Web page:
In addition, the interdiction of the Norris La Guardia Act, 29 U.S.C.A. 101 et seq., is inescapable. That a "labor dispute" exists here is clear from even a superficial reading of the complaint.7 For that reason Bakery Drivers Union v. Wagshal, supra, is distinguishable since no labor dispute was found to exist. That same case, however, refuted the argument that private litigants (as distinguished from the Board) could enjoin secondary boycotts under the Labor Management Relations Act of 1947. Nowhere in the latter Act was the ban against injunctions in labor disputes at the instance of private parties lifted. In United States v. United Mine Workers, 330 U.S. 258, 290, 67 S.Ct. 677, 694, 91 L.Ed. 884, after deciding there was no "labor dispute" since the United States was not an "employer" within the meaning of the Norris La Guardia Act, the Supreme Court said that even if the Act were applicable "the District Court unquestionably had the power to issue a restraining order for the purpose of preserving existing conditions pending a decision upon its own jurisdiction." The appellant cannot be heard to complain; such an order was issued below and dissolved only after the court had concluded it lacked jurisdiction. We agree with this conclusion, and it follows that the preliminary injunction was properly denied.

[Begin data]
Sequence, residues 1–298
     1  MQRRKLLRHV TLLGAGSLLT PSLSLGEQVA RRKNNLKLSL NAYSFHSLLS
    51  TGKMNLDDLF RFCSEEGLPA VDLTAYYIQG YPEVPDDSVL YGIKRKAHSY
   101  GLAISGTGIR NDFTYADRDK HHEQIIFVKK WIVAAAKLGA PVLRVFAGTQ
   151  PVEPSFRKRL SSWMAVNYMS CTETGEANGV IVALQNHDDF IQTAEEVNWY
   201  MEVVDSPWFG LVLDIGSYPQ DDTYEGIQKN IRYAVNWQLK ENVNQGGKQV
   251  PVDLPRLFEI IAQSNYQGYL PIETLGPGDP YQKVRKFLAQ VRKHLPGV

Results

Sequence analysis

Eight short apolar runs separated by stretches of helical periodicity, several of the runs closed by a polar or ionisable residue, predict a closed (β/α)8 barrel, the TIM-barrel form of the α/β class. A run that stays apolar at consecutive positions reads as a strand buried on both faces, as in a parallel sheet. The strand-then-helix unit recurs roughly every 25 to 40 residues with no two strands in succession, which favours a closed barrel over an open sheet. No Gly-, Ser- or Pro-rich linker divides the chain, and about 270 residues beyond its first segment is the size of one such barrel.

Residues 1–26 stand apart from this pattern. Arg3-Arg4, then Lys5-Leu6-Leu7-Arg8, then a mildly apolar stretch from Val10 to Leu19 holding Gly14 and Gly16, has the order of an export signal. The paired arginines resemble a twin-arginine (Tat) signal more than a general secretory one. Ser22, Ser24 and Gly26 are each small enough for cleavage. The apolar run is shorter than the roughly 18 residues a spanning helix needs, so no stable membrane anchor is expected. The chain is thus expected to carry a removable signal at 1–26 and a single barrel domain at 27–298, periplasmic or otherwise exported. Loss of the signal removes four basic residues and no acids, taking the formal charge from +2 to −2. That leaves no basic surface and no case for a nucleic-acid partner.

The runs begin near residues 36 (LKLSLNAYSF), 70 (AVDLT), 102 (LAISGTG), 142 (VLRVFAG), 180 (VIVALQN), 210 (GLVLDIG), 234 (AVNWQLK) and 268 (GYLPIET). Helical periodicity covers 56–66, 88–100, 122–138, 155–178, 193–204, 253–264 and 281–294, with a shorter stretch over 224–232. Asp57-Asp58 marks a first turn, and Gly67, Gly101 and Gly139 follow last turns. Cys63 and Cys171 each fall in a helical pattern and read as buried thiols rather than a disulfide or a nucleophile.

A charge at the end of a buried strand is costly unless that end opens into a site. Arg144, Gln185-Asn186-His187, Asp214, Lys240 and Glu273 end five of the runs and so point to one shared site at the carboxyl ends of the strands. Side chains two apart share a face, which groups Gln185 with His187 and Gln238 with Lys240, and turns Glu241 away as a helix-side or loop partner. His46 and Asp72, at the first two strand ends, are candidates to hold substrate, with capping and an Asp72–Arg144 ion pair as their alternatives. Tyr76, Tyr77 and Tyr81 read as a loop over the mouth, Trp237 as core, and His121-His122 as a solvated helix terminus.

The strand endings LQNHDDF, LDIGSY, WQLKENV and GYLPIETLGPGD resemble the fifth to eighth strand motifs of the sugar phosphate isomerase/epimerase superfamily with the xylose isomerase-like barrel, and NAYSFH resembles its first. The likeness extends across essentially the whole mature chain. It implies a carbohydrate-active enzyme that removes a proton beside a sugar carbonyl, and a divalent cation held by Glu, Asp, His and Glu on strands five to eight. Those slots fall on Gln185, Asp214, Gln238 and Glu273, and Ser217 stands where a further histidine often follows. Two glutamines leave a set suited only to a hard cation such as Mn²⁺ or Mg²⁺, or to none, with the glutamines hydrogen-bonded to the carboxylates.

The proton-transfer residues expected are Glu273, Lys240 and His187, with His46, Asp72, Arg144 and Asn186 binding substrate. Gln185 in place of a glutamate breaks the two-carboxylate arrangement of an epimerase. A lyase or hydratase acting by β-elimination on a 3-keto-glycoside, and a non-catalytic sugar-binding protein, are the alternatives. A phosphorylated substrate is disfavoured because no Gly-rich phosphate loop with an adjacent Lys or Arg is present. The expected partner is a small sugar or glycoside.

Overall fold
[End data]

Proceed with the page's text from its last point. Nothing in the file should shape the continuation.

The appellees, other than the Board and Local Union of Operating Engineers, No. 3 (footnote 2, supra), urge as a separate ground for dismissal that the cause has become moot. There appears to be merit in this contention,8 but it need not be considered in view of the decision already reached. The judgment of the court below is affirmed.
California Association of Employers (hereafter called the Association) is a California corporation, doing business in Nevada under the fictitious name of Reno Employers Council. It is the collective bargaining representative of a majority of the building materials and construction firms in northeastern California and northwestern Nevada
Building and Construction Trades Council (hereafter called the Trades Council) is the collective bargaining representative of various labor organizations, of which sixteen were named defendants herein. One, Local Union of Operating Engineers, No. 3, appeared specially, challenging the jurisdiction of the district court